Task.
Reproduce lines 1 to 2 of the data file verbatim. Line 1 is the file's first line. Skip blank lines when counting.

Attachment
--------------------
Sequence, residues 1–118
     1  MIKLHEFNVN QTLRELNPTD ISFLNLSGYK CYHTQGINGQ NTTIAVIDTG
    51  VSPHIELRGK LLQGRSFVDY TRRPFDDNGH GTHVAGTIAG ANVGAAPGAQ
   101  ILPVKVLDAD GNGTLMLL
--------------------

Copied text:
Sequence, residues 1–118
     1  MIKLHEFNVN QTLRELNPTD ISFLNLSGYK CYHTQGINGQ NTTIAVIDTG